Alsino y el Condor, made at the time of the Sandinista overthrow of the Somoza regime in Nicaragua, is an allegory of the Nicaraguan people rising up to meet their oppressor. The film is a Mexican-Cuban-Nicaraguan co-production, yet despite this, it has the distinctive Littin touch.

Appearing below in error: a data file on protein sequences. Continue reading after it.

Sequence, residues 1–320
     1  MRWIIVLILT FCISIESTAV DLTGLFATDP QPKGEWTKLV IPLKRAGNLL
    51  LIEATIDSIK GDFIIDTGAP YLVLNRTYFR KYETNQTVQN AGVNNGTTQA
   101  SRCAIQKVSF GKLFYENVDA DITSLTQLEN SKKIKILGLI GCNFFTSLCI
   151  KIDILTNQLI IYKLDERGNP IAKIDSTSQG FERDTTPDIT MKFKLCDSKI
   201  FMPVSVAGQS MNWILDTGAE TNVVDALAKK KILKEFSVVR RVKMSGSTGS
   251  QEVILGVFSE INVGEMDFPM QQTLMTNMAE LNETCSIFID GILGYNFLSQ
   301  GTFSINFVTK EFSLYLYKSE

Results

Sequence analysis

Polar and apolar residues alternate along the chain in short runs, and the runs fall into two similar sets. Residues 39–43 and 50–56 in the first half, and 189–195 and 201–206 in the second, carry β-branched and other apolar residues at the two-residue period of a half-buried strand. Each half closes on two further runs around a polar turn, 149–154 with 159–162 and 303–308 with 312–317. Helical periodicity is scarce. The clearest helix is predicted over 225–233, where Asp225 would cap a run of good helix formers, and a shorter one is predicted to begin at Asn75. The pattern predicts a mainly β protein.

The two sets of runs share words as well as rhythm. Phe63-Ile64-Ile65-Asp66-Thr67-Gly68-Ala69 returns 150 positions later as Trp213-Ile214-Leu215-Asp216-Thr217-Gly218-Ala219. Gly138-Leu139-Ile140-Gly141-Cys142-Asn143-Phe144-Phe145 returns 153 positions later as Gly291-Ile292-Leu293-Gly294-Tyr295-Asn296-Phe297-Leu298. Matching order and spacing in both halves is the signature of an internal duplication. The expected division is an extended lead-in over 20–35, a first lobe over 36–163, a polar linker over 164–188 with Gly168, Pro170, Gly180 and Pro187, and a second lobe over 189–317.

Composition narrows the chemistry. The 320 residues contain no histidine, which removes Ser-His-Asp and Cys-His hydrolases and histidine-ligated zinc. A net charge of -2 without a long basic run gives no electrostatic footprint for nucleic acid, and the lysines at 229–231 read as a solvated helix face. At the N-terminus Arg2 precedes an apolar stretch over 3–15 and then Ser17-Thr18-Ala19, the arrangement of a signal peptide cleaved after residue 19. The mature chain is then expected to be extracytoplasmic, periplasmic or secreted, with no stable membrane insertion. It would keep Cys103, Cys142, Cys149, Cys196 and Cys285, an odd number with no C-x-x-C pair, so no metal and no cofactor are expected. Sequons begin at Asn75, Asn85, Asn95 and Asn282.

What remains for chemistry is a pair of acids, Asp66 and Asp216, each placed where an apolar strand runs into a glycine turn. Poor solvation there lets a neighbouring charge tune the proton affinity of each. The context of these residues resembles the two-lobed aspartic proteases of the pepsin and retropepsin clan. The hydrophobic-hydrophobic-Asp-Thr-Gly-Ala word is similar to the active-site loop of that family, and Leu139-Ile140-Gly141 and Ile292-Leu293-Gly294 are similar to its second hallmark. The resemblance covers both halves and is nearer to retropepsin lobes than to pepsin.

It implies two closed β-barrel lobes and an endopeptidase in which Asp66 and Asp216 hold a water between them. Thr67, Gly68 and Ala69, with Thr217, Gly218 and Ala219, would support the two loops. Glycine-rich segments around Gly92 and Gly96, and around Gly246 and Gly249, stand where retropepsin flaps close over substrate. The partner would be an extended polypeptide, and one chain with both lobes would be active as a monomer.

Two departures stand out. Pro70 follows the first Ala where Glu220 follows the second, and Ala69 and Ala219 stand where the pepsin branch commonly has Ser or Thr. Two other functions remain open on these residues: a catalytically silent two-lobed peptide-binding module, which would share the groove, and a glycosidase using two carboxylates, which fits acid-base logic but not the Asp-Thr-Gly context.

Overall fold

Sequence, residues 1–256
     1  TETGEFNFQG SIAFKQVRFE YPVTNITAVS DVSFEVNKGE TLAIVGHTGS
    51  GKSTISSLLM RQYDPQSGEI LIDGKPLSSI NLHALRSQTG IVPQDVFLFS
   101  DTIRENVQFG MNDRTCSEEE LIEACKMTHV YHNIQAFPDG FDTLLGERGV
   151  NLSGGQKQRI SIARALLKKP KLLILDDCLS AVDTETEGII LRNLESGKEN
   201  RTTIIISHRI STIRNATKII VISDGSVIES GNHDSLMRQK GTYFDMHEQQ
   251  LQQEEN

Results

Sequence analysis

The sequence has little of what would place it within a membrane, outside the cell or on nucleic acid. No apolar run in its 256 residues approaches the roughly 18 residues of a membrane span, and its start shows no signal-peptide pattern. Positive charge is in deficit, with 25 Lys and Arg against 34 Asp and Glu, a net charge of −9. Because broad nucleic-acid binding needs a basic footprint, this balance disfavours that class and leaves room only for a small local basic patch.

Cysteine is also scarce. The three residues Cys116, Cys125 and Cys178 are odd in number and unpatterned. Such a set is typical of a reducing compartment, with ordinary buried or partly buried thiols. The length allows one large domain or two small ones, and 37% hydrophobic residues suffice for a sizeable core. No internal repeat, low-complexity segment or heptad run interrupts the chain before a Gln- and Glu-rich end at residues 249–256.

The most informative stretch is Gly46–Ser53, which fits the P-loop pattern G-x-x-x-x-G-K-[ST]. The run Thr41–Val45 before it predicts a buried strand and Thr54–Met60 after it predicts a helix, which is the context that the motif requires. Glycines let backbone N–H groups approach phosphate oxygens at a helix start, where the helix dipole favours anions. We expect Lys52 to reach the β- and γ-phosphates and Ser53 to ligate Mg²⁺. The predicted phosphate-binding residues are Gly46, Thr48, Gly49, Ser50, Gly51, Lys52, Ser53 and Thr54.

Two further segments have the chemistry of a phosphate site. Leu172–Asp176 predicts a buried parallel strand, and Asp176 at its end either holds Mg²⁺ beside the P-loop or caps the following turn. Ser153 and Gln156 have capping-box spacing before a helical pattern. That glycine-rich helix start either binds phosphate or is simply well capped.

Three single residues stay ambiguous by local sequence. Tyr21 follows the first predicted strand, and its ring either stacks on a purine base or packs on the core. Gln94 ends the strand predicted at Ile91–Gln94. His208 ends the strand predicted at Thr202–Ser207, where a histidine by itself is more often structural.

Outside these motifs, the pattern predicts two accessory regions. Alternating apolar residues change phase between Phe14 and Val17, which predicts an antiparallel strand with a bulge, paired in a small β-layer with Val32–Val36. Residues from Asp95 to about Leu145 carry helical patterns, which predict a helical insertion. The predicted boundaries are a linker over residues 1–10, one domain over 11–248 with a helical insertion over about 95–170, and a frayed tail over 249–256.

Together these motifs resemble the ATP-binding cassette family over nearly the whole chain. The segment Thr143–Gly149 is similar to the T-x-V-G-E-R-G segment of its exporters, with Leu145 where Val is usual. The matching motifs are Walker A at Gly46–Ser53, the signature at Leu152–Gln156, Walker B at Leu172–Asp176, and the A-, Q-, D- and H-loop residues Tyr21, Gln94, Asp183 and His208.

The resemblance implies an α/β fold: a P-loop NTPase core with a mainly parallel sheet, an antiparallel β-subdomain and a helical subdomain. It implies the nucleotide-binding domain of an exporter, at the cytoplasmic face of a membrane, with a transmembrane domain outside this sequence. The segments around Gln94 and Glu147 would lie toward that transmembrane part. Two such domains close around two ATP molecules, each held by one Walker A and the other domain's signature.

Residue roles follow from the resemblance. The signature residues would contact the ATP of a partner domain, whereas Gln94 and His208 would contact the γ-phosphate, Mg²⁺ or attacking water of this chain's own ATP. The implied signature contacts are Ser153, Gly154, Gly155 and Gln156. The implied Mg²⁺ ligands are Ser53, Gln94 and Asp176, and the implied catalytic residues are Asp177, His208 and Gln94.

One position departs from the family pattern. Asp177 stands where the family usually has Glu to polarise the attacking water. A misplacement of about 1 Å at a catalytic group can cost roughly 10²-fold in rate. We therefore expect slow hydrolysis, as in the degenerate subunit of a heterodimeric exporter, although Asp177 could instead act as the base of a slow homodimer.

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Despite limited expressionism governed by low budget, Littin vocalizes a poetic coming-of-political-age tale. Self-proclaimed “free man” sells caged birds, Alsino sees corrupted capitalist fantasy. No wings for the people, only delusional submission to incompatible foreign ideals. While the imagery is certainly poetically evocative, the narrative could benefit from stronger, and more constantly present struggle.